'Smart' Sanctions on Nigeria
THE United States is under growing international pressure to impose comprehensive sanctions against the military dictatorship of Nigeria following the execution of Ken Saro-Wiwa and eight others last November. Sanctions may be justified morally, but will they work politically? What kind of sanctions would be most effective against Gen. Sani Abacha's regime, and what lessons can be learned from recent cases of sanctions imposed on Iraq, Haiti, and other countries?
Sanctions rarely succeed in overthrowing dictators. Uneven and ineffective sanctions against Lt. Gen. Raoul Cedras in Haiti and Gen. Manuel Antonio Noriega in Panama gave way to military force. Saddam Hussein remains in charge in Baghdad, despite crippling economic and social devastation in Iraq. Sanctions alone should not be expected to force a change of government in Nigeria, but rather should be tailored to encourage democratic reform and empower internal reform groups.
The lessons of South Africa are instructive. When major governments imposed sanctions, and churches, universities, trade unions, and foundations withdrew billions of investment dollars from corporations operating in South Africa, South African leaders were persuaded to begin negotiations with African National Congress leader Nelson Mandela.
The sanctions also sent a powerful message of solidarity and encouragement to the ANC and other liberation forces. By working hand-in-hand with these internal movements, sanctions sparked a process of dialogue that ended the apartheid system.
Whenever sanctions are considered, the economic and humanitarian consequences must be weighed carefully. In the United States, the disruptive effects of a Nigerian oil embargo could be considerable. One US official has estimated a 10-cents-per-gallon price shock. Such an impact, without effective compensatory measures, could be politically unacceptable and might weaken US resolve to act on behalf of Nigerian democracy.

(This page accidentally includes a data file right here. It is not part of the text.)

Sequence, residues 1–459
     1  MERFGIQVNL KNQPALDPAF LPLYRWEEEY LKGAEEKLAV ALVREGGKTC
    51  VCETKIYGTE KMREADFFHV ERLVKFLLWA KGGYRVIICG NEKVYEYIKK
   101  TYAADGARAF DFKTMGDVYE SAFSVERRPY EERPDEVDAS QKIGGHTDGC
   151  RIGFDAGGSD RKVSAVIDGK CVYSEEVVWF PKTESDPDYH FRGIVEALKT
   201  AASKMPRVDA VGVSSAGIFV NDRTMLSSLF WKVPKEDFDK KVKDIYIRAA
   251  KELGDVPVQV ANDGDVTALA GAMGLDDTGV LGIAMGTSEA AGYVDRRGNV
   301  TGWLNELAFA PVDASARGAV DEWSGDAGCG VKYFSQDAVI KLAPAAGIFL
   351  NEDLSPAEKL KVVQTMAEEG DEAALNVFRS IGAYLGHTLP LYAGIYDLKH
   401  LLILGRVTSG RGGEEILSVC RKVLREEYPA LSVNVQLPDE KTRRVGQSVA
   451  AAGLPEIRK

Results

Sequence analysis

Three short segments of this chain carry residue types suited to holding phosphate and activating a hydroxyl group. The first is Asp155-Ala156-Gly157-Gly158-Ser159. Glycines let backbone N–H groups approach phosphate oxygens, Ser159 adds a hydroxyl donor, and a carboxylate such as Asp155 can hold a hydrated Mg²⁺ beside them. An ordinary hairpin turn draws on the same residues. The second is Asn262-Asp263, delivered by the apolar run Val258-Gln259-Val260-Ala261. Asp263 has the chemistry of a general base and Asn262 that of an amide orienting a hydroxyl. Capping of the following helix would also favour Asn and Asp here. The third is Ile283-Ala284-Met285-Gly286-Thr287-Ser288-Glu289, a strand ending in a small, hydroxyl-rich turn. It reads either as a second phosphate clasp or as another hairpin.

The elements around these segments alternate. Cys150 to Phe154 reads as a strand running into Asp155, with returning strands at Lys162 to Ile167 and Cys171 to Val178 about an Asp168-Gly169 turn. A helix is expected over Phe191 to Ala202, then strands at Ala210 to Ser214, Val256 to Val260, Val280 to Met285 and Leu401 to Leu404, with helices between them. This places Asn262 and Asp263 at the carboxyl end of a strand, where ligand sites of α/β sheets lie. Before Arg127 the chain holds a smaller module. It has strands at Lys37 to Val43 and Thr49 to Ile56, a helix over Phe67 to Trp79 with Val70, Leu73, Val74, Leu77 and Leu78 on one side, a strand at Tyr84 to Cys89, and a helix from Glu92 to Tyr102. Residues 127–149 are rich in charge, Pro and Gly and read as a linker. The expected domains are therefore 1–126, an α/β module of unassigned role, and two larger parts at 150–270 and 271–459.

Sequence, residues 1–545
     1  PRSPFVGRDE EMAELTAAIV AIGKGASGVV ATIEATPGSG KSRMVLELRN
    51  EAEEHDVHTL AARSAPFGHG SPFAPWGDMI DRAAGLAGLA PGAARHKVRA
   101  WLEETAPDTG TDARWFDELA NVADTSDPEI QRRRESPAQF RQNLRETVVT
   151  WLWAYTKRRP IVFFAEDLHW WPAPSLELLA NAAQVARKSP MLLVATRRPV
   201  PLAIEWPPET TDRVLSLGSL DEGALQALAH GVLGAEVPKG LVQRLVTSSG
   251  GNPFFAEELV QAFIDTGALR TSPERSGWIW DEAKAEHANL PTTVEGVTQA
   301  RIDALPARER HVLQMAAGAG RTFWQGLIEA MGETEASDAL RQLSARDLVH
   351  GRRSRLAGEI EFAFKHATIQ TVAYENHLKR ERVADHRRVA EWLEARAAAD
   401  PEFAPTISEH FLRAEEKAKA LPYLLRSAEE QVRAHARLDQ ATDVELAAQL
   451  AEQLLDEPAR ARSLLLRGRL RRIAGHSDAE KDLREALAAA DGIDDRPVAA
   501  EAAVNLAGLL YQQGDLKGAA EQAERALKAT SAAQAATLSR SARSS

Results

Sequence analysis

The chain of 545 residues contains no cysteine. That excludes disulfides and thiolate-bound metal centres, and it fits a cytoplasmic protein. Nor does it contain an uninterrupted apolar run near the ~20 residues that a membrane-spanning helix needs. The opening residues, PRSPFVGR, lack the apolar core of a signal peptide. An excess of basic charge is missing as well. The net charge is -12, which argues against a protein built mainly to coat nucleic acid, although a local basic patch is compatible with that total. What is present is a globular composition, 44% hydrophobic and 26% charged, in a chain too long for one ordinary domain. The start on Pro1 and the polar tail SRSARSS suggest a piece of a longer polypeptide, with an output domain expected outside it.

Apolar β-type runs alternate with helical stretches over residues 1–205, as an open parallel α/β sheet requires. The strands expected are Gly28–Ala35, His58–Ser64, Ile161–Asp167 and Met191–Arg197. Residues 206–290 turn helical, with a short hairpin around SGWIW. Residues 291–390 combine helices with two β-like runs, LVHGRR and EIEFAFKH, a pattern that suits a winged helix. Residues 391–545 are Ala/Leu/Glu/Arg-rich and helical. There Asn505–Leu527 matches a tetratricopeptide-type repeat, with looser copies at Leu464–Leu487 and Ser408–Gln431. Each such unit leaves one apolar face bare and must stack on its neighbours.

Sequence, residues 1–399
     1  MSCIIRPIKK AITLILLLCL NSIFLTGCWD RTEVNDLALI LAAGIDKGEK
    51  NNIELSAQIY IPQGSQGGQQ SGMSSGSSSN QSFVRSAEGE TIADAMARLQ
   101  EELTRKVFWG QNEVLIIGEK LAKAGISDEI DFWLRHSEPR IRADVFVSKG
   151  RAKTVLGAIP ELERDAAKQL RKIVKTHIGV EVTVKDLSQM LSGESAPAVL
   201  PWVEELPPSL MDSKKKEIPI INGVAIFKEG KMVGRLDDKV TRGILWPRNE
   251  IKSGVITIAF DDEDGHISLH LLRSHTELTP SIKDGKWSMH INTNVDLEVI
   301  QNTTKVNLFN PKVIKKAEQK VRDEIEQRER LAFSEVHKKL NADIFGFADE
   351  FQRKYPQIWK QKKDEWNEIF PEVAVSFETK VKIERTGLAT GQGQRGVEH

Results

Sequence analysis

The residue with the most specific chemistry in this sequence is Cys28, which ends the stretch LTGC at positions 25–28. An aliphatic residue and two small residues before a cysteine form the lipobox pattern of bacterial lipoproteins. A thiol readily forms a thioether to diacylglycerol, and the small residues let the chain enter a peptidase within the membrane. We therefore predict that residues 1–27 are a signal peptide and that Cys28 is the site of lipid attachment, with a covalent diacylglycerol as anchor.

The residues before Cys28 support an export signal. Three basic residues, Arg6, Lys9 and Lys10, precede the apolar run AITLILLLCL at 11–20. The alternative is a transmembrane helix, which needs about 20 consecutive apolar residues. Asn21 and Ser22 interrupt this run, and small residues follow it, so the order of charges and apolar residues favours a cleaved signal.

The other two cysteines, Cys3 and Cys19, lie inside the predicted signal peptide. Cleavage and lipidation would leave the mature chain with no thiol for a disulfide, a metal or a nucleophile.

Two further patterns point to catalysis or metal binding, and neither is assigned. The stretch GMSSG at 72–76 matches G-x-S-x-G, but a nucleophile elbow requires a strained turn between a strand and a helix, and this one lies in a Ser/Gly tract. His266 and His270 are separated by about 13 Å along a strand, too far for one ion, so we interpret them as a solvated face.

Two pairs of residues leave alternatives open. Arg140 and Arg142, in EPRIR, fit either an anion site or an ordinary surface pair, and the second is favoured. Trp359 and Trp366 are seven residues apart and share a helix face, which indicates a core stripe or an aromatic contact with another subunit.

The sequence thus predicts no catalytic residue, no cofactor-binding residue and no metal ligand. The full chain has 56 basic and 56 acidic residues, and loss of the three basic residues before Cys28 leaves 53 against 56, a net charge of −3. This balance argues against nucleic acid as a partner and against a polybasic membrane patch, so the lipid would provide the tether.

The humanitarian consequences within Nigeria also need to be addressed. In a country already suffering from severe poverty, malnutrition, and disease, the further impact of an oil embargo and trade sanctions could be devastating. Provisions of food, medicine, and other basic necessities must be guaranteed for vulnerable populations.
By targeting economic pressures against the military leaders responsible for wrongdoing, Washington and its allies can minimize humanitarian suffering and sharpen the bite of sanctions. The preferred option is to impose strict financial sanctions. The overseas accounts of Abacha and his colleagues should be frozen, visas for military and government officials canceled, and travel opportunities for elites severely restricted. International communications, including the wire transfers needed to allocate overseas funds, should be blocked. Financing for long-term development projects should be suspended.
One unique feature of the Nigerian case is the need to gain the cooperation of Shell, Chevron, and other major oil companies operating in the country. Without their support, state-sponsored sanctions would have only limited impact. These companies should be encouraged to support international democratization efforts in Nigeria. If they refuse to participate, they should be pressured through consumer and shareholder action.
Smart sanctions such as these, rather than a quick resort to trade sanctions, could do much to restore democracy to Nigeria.